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Chef Eric Ripert teaches us how to make vegetables the star of the plate.
Sonoko Sakai teaches us about real Japanese home cooking—from the world’s easiest broth to bento boxes to the surprising way she kneads her udon dough. Plus, we investigate counterfeit caviar with David Gauvey Herbert; we share our recipe for a fresh take on the chocolate cookie; and Dan Pashman explains why he’d rather eat alone this Valentine’s Day.
This episode is brought to you by Ferguson.
Questions in this Episode:
“Is French flour substantively different and healthier/easier on digestion than American flour?”
”I would love to make buttermilk roasted chicken but I keep a kosher kitchen. What is an appropriate non-dairy substitute for buttermilk I can use?”
“Last year I planted a crop of sugar cane around my property and I was looking forward to harvesting this year and trying to make some cane syrup. I’m wondering if I should use a cast-iron sugar kettle or a copper vessel?”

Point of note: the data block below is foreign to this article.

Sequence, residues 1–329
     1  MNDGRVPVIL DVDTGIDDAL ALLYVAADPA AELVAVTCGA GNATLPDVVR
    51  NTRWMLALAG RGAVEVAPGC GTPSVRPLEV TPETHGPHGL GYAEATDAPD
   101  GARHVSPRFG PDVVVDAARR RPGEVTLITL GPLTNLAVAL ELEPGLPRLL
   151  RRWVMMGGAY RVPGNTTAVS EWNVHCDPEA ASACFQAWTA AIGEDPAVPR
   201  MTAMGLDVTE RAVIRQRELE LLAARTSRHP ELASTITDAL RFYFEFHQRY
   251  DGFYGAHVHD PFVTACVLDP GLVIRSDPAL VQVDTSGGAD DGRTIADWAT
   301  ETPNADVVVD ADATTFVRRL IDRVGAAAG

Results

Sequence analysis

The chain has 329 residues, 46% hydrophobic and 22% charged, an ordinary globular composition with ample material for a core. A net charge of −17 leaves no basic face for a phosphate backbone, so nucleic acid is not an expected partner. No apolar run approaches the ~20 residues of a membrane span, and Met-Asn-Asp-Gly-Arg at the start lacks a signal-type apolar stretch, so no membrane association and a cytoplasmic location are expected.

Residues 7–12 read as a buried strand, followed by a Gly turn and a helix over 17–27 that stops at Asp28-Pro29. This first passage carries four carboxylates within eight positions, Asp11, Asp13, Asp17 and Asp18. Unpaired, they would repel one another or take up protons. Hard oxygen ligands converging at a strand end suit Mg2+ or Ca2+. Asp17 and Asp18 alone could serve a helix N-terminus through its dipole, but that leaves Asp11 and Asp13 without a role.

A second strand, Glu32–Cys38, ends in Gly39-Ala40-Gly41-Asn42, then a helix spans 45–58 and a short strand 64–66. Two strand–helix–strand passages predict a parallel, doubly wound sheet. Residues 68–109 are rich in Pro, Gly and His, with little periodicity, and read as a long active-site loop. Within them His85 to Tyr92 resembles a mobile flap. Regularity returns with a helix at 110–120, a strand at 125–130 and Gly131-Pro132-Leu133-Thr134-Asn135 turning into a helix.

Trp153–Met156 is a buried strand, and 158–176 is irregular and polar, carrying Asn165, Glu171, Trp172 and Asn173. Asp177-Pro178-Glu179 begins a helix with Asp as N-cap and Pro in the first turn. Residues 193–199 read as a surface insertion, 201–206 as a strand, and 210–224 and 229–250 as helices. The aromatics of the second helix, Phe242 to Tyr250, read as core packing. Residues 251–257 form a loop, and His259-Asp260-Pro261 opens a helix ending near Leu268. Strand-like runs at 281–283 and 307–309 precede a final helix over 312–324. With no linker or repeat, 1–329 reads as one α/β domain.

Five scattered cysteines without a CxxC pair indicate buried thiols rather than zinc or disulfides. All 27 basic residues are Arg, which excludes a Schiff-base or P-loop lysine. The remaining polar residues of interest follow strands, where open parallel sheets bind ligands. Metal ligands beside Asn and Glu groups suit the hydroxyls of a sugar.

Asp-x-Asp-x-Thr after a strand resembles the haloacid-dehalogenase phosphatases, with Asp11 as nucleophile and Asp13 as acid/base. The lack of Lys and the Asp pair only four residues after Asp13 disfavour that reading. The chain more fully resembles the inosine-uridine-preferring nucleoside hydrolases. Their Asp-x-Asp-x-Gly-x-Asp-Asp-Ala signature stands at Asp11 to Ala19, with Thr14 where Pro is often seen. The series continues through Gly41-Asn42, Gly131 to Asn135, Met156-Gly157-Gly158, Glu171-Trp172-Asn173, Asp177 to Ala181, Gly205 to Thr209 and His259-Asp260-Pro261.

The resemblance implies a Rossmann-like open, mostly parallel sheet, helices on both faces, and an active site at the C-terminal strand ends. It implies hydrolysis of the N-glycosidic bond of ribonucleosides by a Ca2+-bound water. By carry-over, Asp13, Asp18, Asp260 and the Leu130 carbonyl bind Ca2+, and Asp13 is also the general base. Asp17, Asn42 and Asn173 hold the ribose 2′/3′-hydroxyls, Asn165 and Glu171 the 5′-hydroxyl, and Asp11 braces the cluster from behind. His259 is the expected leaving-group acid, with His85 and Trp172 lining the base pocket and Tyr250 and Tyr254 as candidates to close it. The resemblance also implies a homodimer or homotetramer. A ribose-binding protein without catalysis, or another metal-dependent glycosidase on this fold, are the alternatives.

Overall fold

“Every Sunday I have dinner at my in-laws' house. In the interests of heart health, they've eliminated salt from all cooking. It's easy enough for me to add salt to my dish before eating, but salt plays other roles in cooking, right? How do we get more flavor into a dish without a lot of salt and how about for meats on the grill?”
“I have a question about making a berry-based pie. It always turns into a gooey mess. How can I get it right?”
“I have an oven that I assume is unusual in that I need to set a particular temperature for my broiler. Every recipe states to either ‘heat broiler’ or ‘set broiler to high’. My broiler can go as high at 550 degrees, or all the way down to 250. I assume 550 degrees is far too high for most things but is that the ‘high’ for most ovens? I am wondering what an all-purpose broiling temperature is; or, what are some temperature guidelines for broiling fish versus vegetables versus meat?”